The Supreme Court is confronted for a second time with this dispute between the Hornes and the Department of Agriculture. However, in this case, the Court must now grapple with whether the Marketing Order constitutes a property “taking” under the Fifth Amendment. Additionally, if a property taking has occurred, the Court must consider whether there is sufficient compensation for raisin producers, or whether this issue should be remanded.

The Hornes argue that the Marketing Order constitutes a categorical—or “per se”—taking of their property under the Fifth Amendment. They specifically argue that the Marketing Order requires that a portion of all raisin crops be segregated and held by the government. This requirement, according to Horne, interferes with the Hornes’ dispositional control of their raisins, and requires sufficient compensation. The Hornes further contend that there are no sufficient provisions at law that justly compensate the Hornes for their financial losses due to the Marketing Order.

The Department of Agriculture, on the other hand, argues that the Marketing Order cannot be construed as a categorical taking under the Fifth Amendment. Instead, the Department of Agriculture contends, the Marketing Order can best be construed as a usage restriction, which is subject to a balancing test that favors the government’s purposes to constrain unfettered raisin sales. Nevertheless, the Department of Agriculture insists, even if such a usage restriction could be viewed as a property taking, the Tucker Act provides clear and reasonable means for raisin producers to be compensated for reserve raisins held by the Department of Agriculture under the Marketing Order.

WHAT CONSTITUTES A FIFTH AMENDMENT TAKING?

The Hornes argue that the Marketing Order constitutes a categorical taking under the Fifth Amendment. The Hornes explain that the Marketing Order requires raisin producers to relinquish possessory and dispositional control over their raisins. The loss of control is especially evident, the Hornes argue, because the Marketing Order requires that producers physically segregate “reserve” raisins, which are then transferred to the government’s Raisin Administrative Committee (“RAC”) for holding and distribution. This physical intrusion into the Hornes’ raisin crop, the Hornes contend, constitutes a per se taking under the Supreme Court’s decision in Loretto v. Teleprompter Manhattan CATV Corp.

The Department of Agriculture urges that the Hornes improperly read Loretto and Lucas v. South Carolina Coastal Council to expand what constitutes a “taking.” The situation here, the Department of Agriculture avers, does not constitute a permanent physical occupation because the Hornes are not fully dispossessed of the raisins’ essential property right: the revenue or sale proceeds. At worst, the Department of Agriculture continues, the regulation is assessed under the balancing test set forth by the Supreme Court in Penn Central Transportation Co. v. City of New York. Under Penn Central, the Department of Agriculture explains, the Court must apply a balancing test to determine whether the government regulation gives rise to an injury that deserves compensation. In this case, the Department of Agriculture concludes, because the government does not fully retain the essential property right in the raisins (the sale proceeds) and the Marketing Order passes Penn Central balancing, there is no taking.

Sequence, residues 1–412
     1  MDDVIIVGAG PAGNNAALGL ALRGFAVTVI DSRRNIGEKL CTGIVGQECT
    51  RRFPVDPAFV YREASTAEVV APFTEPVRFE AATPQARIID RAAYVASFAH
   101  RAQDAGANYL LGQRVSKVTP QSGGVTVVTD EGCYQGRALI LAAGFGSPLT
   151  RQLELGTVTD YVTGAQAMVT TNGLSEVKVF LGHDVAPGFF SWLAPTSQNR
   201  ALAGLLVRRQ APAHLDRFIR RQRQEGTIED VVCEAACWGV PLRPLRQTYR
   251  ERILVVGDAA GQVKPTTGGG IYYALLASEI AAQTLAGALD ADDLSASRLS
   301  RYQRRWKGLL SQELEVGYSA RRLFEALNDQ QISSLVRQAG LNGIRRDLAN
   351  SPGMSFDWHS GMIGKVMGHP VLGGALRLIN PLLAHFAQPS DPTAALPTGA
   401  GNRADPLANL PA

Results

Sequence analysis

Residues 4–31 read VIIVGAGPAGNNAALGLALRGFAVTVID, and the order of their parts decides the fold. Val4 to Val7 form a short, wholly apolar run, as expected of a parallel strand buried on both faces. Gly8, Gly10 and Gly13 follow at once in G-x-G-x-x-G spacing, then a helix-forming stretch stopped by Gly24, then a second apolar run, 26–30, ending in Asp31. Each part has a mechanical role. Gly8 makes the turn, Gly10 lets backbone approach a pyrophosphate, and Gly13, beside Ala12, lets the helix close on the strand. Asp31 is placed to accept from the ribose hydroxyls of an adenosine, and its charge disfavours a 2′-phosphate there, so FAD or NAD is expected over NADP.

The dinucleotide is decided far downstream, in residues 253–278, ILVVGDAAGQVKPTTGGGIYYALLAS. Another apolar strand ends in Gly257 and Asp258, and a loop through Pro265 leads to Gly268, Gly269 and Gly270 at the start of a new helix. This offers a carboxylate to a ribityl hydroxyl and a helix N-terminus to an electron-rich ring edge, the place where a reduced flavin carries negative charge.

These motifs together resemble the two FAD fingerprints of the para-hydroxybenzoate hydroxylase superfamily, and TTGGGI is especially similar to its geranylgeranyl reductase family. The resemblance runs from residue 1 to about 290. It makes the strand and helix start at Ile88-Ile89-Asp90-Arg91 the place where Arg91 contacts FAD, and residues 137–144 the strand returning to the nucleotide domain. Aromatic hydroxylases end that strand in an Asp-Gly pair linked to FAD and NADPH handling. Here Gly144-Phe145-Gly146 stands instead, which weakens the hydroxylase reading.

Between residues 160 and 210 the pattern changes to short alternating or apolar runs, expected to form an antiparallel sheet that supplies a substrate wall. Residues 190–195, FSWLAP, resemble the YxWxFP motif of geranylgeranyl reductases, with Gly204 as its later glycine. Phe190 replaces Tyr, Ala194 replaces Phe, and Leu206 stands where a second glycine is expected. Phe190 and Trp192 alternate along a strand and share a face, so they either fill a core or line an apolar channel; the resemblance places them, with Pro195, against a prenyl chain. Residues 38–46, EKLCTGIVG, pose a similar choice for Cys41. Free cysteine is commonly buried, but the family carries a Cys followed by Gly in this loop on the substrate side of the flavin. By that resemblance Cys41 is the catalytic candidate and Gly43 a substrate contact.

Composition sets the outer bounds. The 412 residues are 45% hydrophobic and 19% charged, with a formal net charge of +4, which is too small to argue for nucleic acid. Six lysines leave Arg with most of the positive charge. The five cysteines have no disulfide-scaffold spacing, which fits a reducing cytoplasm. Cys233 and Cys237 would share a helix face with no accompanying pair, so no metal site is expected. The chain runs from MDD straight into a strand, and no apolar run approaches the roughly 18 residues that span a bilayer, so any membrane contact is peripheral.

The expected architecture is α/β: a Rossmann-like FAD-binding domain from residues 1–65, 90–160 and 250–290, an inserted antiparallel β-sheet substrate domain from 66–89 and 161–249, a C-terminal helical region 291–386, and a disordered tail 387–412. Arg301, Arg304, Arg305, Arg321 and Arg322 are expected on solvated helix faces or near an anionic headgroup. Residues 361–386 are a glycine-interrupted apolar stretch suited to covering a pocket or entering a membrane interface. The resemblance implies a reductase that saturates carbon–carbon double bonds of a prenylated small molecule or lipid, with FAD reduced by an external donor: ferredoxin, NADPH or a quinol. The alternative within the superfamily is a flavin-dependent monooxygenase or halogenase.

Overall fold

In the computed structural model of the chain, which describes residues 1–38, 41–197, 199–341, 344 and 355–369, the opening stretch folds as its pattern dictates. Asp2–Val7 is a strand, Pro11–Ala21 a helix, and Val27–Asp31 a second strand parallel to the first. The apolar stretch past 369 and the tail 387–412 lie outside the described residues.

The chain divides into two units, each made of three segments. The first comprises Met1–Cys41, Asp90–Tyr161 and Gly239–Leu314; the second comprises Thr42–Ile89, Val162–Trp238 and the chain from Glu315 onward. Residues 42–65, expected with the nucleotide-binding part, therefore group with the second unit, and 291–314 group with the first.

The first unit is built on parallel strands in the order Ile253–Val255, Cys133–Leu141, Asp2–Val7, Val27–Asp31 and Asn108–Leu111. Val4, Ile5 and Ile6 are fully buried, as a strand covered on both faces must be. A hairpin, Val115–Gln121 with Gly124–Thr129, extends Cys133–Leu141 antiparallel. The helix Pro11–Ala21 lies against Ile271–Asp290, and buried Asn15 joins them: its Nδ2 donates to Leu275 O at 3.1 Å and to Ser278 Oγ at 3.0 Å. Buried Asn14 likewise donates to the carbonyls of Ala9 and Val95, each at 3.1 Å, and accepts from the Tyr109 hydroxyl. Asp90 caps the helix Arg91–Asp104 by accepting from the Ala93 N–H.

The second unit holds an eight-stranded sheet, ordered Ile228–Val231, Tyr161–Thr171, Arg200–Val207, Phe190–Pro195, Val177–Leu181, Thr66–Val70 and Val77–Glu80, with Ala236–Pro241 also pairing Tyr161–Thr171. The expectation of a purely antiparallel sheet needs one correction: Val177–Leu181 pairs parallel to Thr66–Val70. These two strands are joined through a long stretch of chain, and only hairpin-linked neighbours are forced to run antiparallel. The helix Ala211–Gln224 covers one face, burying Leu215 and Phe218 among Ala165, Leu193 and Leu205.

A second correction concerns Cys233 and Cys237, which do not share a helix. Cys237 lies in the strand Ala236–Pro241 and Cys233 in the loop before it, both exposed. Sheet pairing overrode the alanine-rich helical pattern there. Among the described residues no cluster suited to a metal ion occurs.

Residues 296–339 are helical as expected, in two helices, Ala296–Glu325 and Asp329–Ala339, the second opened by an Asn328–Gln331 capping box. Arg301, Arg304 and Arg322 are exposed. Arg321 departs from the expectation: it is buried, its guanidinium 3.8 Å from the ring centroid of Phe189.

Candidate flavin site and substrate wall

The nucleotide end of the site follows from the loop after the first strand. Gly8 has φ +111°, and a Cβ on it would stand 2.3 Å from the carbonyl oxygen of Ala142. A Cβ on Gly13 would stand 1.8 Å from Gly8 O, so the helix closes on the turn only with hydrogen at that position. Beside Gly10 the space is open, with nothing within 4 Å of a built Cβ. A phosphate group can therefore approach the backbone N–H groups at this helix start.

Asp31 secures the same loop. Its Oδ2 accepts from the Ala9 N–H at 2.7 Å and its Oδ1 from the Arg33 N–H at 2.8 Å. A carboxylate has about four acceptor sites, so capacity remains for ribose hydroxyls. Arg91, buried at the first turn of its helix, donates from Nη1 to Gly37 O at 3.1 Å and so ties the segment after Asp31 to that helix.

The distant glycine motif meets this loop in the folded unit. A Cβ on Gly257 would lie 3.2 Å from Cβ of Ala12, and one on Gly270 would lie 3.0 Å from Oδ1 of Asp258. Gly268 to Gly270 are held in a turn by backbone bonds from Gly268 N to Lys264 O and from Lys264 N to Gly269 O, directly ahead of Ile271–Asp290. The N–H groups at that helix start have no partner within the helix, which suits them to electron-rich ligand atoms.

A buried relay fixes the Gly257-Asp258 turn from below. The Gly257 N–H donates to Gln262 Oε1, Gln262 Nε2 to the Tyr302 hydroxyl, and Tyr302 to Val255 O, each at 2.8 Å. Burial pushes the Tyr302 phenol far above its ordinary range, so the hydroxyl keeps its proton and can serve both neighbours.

Instead, the Department of Agriculture argues, the Marketing Order is simply a use restriction, rather than a taking. In support of this argument, the Department of Agriculture notes that it does not retain the economic interests of the raisins collected by the RAC. Instead, the RAC collects the reserve raisins, sells them at a rate to stabilize market prices, and then delivers the net proceeds to the raisin producers.Because this is a usage-and-timing restriction, it is not subject to takings jurisprudence according to the Department of Agriculture. Rather, the Department of Agriculture asserts, use-and-time restrictions must comply with the Supreme Court’s nexus and proportionality requirements set out in Nollan v. California Coastal Commission and Dolan v. City of Tigard. Here, the Department of Agriculture argues, the Marketing Order is appropriately related and proportionate to the harm that the government seeks to control: wildly unstable raisin market prices. Finally, the Department of Agriculture concludes, the actual regulation is voluntary, because the raisin producers choose to enter the market and therefore willingly submit to the RAC’s Marketing Order. Furthermore, the Marketing Orders are controlled by the raisin producers, who represent the vast majority of votes necessary to approve the raisin reserve levels.

The Hornes disagree, arguing that the Marketing Order’s raisin reserve requirements are anything but voluntary. In order to enter the market at all, the Hornes continue, there is a raisin reserve requirement, or a civil penalty for failure to appropriately segregate a raisin reserve. This requirement, the Hornes assert, is the equivalent of a taking because the government seizes control over the grapes. In fact, the Hornes contend, the RAC takes, in a real sense, title of the raisins while the producers retain only a contingent interest in the leftover money. Furthermore, the Hornes continue, the Marketing Order cannot be construed as a use-and-time restriction because it fails the nexus and proportionality tests under Nollan and Dolan: appropriate price stabilization is through volume controls, not reserve requirements. Moreover, the Hornes assert that the Nollan and Dolan tests “represent an exception [(relevant only in land use permitting)] to the general rule that the government’s demand for physical property must be analyzed as a per se taking, not a use restriction.”

WAS THERE SUFFICIENTLY JUST COMPENSATION?

The Hornes argue that even if an economic interest is retained in the seized property—here, through the net proceeds the RAC distributes from the raisin reserve sales—compensation is still required by the government following a taking. In this case, according to the Hornes, the compensation would be to enjoin any fees assessed against the Hornes when they refused to segregate a raisin reserve. The Hornes, however, agree that whatever the value of the seized grapes are, that the actual compensation might be mitigated based upon the net proceeds the RAC delivers to grape producers.